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How to manage and motivate your team when working from home

Team losing enthusiasm for remote working? Time for some motivational tips and sound advice to keep you, and your team, on the right track.

At Quadmark, working remotely has been a big part of our culture for the last five years. We are big advocates for giving our people flexibility to work from home, but we also enjoy meeting face to face or heading into the office every once in a while. We already knew a lot about managing remote teams, but the pandemic has definitely put our experience to the test. 

Despite the many benefits of working from home, research has shown that it is less motivating than working in an office. One study found a 20% decrease in employee motivation when working remotely. As a manager, you have the responsibility of motivating, supporting and strengthening relationships in your team, without the opportunity for face-to-face interaction. All while making sure you look after yourself and your needs. 

So what can you do as a people manager to keep team morale and productivity high, even when working from home?

Know your team

Get to know your team. Not just as a whole, but as individuals. It’s more important than ever to take the time to learn about their individual circumstances and challenges and to work to accommodate these. Offer flexible working hours or move meetings to help those juggling work and home schooling. Even if you can’t do anything to alleviate their challenges, being understanding of their situation will help. It can be hard to notice off behavior or to know how to tackle it when you do, and team members might feel embarrassed about admitting that they have an issue or need more support. Be open about your own struggles as well.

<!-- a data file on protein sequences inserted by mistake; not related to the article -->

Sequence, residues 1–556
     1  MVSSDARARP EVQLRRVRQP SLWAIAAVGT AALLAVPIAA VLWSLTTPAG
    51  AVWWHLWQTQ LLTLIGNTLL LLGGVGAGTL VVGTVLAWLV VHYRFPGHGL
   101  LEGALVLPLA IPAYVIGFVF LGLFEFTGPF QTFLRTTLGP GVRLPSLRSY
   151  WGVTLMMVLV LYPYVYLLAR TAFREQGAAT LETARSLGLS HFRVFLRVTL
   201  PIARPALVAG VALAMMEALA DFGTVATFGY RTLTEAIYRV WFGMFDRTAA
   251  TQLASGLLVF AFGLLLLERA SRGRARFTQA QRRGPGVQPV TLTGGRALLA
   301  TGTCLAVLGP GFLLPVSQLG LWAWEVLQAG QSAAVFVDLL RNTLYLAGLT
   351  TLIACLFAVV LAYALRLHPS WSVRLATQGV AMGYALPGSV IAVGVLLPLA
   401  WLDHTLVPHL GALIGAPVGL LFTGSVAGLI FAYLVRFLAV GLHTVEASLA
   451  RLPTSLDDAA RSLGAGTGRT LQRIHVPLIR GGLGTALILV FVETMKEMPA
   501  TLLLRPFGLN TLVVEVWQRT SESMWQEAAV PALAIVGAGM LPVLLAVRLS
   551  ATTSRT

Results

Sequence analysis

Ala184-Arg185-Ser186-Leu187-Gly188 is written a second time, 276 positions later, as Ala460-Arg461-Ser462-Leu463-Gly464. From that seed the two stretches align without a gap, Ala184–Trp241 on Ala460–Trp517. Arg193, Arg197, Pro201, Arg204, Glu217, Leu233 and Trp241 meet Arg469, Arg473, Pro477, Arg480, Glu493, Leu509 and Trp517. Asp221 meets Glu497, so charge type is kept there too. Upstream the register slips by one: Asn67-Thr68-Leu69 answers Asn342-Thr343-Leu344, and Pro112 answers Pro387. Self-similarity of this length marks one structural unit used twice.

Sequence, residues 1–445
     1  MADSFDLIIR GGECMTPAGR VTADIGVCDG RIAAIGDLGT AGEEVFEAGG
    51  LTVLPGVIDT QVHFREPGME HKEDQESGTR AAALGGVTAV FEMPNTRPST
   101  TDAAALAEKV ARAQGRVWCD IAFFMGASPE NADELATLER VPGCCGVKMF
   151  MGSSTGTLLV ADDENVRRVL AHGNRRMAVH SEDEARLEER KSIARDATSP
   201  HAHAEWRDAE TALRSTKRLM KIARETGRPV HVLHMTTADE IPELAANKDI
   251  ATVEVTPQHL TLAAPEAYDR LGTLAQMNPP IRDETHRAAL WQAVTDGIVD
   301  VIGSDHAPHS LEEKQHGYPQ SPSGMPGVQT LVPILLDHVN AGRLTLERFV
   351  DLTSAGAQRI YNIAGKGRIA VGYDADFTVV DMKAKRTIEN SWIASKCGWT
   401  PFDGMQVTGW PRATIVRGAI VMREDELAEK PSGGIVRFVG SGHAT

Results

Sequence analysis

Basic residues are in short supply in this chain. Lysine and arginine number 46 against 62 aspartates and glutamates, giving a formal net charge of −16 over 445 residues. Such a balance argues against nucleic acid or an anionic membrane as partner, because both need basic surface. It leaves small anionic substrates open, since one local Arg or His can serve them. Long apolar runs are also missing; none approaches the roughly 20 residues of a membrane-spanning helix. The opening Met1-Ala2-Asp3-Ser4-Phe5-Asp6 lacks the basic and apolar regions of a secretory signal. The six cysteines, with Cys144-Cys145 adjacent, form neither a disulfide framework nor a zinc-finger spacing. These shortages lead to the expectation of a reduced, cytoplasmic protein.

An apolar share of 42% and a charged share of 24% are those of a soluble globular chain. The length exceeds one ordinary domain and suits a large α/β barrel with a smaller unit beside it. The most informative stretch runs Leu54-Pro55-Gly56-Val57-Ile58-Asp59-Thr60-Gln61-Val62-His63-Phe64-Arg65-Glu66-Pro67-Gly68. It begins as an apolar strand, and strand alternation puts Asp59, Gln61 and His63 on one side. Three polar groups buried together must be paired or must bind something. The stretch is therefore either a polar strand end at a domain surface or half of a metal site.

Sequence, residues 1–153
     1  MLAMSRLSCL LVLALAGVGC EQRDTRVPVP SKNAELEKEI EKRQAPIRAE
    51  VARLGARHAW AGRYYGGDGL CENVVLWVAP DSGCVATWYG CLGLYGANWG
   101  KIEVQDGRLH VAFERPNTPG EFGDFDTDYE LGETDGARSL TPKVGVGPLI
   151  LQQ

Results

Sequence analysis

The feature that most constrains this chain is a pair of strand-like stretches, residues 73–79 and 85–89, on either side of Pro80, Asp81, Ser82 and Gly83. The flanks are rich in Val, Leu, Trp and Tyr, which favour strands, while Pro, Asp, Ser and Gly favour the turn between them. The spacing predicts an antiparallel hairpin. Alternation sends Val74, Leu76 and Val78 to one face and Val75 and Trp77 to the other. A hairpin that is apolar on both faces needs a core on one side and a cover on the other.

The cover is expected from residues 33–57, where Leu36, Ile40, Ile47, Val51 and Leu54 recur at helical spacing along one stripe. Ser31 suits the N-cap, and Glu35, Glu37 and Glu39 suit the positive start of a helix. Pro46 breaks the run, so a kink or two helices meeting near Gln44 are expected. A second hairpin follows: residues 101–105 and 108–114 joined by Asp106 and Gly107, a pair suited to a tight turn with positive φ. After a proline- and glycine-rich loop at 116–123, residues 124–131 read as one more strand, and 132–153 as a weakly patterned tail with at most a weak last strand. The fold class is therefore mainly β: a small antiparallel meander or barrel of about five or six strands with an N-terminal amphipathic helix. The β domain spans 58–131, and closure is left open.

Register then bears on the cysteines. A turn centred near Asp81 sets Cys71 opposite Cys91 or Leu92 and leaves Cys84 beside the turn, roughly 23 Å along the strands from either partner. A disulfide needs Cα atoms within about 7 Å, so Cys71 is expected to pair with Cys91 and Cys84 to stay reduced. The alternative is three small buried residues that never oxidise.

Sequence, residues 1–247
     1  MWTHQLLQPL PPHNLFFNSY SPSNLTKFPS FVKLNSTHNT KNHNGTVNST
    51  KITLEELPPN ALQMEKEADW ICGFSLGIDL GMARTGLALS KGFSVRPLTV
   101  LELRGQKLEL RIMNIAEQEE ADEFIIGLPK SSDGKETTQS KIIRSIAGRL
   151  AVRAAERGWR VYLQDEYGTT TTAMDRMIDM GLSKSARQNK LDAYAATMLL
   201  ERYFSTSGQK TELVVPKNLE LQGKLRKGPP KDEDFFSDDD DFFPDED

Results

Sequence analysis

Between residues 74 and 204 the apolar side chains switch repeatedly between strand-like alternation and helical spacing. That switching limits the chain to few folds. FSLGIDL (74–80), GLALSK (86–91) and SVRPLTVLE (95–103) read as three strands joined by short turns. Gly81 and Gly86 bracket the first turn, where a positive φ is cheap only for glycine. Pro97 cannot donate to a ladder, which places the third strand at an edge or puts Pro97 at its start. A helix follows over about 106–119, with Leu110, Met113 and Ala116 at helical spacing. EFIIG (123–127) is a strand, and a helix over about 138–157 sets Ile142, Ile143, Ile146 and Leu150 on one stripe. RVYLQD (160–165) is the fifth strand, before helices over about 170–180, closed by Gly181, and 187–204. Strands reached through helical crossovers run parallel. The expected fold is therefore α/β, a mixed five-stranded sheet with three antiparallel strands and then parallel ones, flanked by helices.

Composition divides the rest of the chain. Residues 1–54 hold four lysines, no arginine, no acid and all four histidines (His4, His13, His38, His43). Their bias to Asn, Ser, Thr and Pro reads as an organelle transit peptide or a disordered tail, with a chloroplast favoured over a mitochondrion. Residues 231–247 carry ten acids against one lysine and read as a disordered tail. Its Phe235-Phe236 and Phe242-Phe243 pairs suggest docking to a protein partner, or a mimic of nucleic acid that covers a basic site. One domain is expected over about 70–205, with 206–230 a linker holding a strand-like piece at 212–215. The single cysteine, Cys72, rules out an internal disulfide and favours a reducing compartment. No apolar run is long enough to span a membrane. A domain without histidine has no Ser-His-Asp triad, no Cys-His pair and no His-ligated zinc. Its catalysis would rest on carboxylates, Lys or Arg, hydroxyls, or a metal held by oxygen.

Virtual photo booth for team conference call

Respect your one-on-ones

Never assume that a team member will be okay if you skip a weekly one-on-one. Research reports that 65% of employees have experienced a drop in meaningful conversations with their managers since working from home. This weekly meeting is an opportunity for members of your team to relay any challenges—personal or work-related—that could lead to unfulfilled briefs, missed deadlines and extra stress later down the line. It’s also an important chance for you to build on your personal relationship, so make time for casual chit-chat and tell them about yourself as well.

Connect via chat

Working remotely can be isolating. But it doesn’t have to be. Have a chat system to send quick and regular messages to team members, just as your team would chat to the people next to them in the office. Make specific chats for people who want to ask work related questions, those who want to share funny and lighthearted content, or even chats to celebrate milestones like birthdays and engagements. 

At Quadmark, we’ve recently launched a communities initiative to bring people with shared experiences together and created several interest-based chats for like-minded individuals. So far we have chats dedicated to pets, plants, rugby and more.

Simone's catA snap from our pets chat: Kendo the cat

No meeting zones

Having emphasized the importance of keeping connected, it’s also worth noting the importance of downtime from calls. As a manager, the majority of your day can be spent hopping from video call to video call, with barely enough time for a loo break in between. Being in front of the camera all the time can be stressful and draining. 

Likewise, when you’re watching someone else, much more energy is expended understanding and interpreting cues like facial expressions, tone and pitch of voice and body language, compared with talking face-to-face. At Quadmark, we’ve adopted universal “No meeting Wednesdays” to ensure that people have time to focus on important tasks and to take a break.